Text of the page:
Dr. Robert Bortz wrote a book with a wonderful title, We Live Too Short and Die Too Long. We all know he is absolutely correct. Haven’t we all been “getting old” since we were 29; moaning about turning 30, using the magnifying mirror and shuttering when we discover our first winkles; pulling out our first gray hairs? Would I wish myself to be 30 again? No. Would I wish myself to be 50 again? Absolutely!
When we reach the age of 60, we begin the third act of our life. If we challenge ourselves to look at aging as a time of continuing personal growth and not the time of deterioration, we will add life to our life because that is our intention. We have the power to take action today which will directly affect the quality of our lives 20 years from now.
What are perceived losses? They are the “could have/should have/would have thoughts” that run through our minds, depressing our every cell. If we consistently have negative, critical thoughts, we will depress our immune system and become a sitting duck for the flu and colds and the stress based illness which are too numerous to count. Dick Cavett, when describing his clinical depression said, “It is as though there is a magic wand sitting on a table across the room. All I have to do is walk over there and pick it up and I can have anything I want. But it is too much trouble to get out of the chair.”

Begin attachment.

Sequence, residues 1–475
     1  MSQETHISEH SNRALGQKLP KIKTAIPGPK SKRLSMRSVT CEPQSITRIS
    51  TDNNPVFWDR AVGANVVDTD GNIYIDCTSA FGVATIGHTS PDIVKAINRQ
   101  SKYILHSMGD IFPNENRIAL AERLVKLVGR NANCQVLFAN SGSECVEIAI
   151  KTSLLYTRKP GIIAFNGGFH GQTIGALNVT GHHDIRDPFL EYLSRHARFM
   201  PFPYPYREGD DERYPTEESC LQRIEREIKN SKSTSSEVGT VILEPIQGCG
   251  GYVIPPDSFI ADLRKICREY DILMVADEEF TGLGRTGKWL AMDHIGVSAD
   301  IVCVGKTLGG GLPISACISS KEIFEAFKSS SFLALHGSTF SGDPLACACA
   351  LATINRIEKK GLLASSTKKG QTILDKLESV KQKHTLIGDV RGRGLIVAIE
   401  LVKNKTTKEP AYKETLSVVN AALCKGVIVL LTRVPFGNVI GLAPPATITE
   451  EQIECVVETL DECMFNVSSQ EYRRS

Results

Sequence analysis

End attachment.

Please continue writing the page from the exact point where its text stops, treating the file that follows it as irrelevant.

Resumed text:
I need to learn to trust my instincts when I am pushed into a situation that puts me at risk. Walk up to the Acropolis? I don’t think so… I think I will look at it out of my hotel dining room window. Yes it is exercise, but is it appropriate for a woman prone to arrhythmia? I will probably never learn to sky dive or learn to ski, regardless of what my friends are doing.
My 103 year old book cover model told me the secret to living to age 100 is having a positive attitude and moving very carefully.
Dr. Wayne Dyer has a one liner that sums up the need for empowerment as we age. He says, “When we change the way we look at things, the things we look at change.”
This article is written by Suzanne Roberts, author of The Handbook for Children of Aging Parents
Visit her website at www.childrenofagingparents.net